Will There Be a COVID-19 Reckoning for College Administrations and Boards?

David Golumbia
12 min readOct 28, 2020

Many colleges and universities in the US have defied their faculty, staff, and students in bringing students back to campus during a pandemic, and they can’t explain why. Could this be the straw that finally breaks the back of neoliberal education anti-management?

from CDC-MMWR study of COVID-19 infection rates among college-age students, which increased 55% nationally during August 2020

When the COVID-19 crisis started, many of us in US higher education worried about university administrations using the crisis as an opportunity to push through policies they would otherwise be unable to enact. As the American Association of University Professors put it, “the COVID-19 pandemic must not become the occasion for administrations or governing boards to jettison normative principles of academic governance.”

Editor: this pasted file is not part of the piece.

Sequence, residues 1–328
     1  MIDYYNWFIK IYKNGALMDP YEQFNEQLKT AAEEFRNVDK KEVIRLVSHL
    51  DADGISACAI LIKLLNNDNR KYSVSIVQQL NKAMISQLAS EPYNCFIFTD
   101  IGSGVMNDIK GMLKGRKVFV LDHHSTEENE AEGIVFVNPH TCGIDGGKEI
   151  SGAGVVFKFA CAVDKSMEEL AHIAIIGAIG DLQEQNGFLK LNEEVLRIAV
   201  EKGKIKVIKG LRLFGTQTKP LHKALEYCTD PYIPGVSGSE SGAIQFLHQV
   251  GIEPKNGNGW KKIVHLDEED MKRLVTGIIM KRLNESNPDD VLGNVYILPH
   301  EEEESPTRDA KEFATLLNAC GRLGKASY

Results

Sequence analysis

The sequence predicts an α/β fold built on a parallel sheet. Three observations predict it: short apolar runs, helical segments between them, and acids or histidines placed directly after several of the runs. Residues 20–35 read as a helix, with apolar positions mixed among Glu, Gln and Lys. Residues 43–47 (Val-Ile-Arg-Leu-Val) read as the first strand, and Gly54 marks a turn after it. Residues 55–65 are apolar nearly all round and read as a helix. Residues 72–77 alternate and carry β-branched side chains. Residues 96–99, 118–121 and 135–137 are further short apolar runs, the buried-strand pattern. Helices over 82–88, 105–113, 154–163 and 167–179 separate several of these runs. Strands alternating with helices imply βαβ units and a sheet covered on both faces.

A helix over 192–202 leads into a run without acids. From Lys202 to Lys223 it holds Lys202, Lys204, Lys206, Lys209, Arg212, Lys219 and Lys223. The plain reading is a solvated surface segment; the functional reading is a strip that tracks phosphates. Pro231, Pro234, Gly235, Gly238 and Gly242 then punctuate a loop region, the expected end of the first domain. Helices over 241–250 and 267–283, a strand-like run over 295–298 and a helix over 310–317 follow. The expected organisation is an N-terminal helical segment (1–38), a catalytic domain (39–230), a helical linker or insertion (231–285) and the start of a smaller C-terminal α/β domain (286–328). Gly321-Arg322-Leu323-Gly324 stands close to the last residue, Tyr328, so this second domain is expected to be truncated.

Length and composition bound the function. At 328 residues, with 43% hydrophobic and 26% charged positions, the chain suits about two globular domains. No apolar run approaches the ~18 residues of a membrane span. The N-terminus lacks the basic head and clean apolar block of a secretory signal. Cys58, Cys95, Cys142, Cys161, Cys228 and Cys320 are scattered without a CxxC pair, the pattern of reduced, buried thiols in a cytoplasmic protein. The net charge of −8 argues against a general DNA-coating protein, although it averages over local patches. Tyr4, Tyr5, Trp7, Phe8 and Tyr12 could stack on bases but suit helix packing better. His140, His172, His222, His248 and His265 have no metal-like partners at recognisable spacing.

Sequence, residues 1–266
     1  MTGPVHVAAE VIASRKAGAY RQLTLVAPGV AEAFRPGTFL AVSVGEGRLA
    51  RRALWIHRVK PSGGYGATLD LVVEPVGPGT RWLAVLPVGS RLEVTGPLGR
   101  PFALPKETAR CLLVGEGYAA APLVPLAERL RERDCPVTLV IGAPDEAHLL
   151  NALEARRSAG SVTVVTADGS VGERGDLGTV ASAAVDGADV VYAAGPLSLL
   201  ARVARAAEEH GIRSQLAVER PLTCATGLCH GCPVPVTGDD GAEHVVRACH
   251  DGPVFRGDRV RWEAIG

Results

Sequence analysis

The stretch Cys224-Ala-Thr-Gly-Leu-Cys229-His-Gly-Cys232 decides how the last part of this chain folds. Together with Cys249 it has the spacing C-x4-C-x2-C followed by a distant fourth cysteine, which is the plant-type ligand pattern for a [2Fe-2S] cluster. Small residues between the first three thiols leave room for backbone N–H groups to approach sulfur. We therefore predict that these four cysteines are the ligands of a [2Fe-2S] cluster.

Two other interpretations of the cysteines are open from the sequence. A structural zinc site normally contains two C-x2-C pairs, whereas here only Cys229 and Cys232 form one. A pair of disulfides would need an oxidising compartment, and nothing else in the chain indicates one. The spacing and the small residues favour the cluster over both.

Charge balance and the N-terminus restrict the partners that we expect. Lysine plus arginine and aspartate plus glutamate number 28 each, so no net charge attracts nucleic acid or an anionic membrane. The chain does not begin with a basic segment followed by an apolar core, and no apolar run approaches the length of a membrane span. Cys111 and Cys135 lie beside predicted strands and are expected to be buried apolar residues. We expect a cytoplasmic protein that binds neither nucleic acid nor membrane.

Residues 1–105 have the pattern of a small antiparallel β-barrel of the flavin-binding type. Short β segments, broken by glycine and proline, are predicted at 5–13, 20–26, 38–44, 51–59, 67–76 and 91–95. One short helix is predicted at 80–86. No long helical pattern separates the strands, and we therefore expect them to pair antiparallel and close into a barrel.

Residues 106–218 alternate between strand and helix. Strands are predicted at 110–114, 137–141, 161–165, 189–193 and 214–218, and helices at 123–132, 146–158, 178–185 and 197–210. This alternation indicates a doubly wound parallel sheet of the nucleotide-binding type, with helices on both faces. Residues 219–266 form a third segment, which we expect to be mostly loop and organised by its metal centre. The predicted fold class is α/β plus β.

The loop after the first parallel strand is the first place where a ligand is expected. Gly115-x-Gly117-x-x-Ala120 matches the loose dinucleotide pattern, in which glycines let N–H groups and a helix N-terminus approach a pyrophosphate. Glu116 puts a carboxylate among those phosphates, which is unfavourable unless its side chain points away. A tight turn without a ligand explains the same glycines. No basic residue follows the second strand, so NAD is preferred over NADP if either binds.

There are far too many worrying signs of just that happening, all over the country.

Yet few of us suspected that the opposite might also happen: that the pandemic might become the occasion for university communities to see just how far from education the mission of higher education presidents and other administrators has strayed, and how much, no matter their talk about honoring shared governance, administrators have given up on it entirely.

It is beginning to seem like the pandemic might provide a moment of reckoning for US higher education that most of us thought would never come.

COVID-19 has exposed a fundamental truth of university life in a way it never has been exposed before. At many schools, administrations run the university however they choose, without regard for what faculty, staff, and students want. They give lip service to listening to what we want, because that may be technically required by governance rules, contracts, and even laws; but at the end of the day, they do not care. Not only that: they gaslight us by telling us that they are doing what we want, even as we are directly telling them that they aren’t. It’s hard not to note that this is one way of understanding the longstanding call from the political right to “run universities like businesses”: businesses are authoritarian structures, with boards and CEOs who are paid to do precisely what they think will achieve the business goals (usually, maximize profit) regardless of what employees say or think.



David Golumbia

Professor, Writer on Digital Studies, Language, Theory